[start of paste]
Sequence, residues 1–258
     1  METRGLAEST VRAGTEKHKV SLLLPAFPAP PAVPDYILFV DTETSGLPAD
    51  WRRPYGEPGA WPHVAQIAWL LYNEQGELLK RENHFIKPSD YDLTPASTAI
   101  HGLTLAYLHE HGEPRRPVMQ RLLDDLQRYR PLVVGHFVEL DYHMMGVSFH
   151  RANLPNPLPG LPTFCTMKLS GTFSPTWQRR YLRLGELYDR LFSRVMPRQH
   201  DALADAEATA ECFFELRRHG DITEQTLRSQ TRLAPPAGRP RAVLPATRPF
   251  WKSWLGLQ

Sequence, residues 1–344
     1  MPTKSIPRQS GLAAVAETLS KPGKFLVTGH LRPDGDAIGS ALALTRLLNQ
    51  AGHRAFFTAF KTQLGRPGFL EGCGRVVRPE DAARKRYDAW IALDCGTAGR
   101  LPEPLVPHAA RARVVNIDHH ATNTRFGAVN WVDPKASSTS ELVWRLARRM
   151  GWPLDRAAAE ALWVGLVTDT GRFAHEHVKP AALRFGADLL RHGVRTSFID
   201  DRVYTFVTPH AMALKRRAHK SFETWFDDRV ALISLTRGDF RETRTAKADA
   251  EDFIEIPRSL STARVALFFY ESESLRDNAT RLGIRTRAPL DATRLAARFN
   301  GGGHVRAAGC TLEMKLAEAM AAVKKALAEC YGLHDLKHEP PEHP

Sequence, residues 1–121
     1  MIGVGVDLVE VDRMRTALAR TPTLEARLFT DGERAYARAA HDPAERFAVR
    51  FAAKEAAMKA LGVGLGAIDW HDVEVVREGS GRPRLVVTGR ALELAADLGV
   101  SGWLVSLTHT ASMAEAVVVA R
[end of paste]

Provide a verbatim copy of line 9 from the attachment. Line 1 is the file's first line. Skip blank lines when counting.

     1  MPTKSIPRQS GLAAVAETLS KPGKFLVTGH LRPDGDAIGS ALALTRLLNQ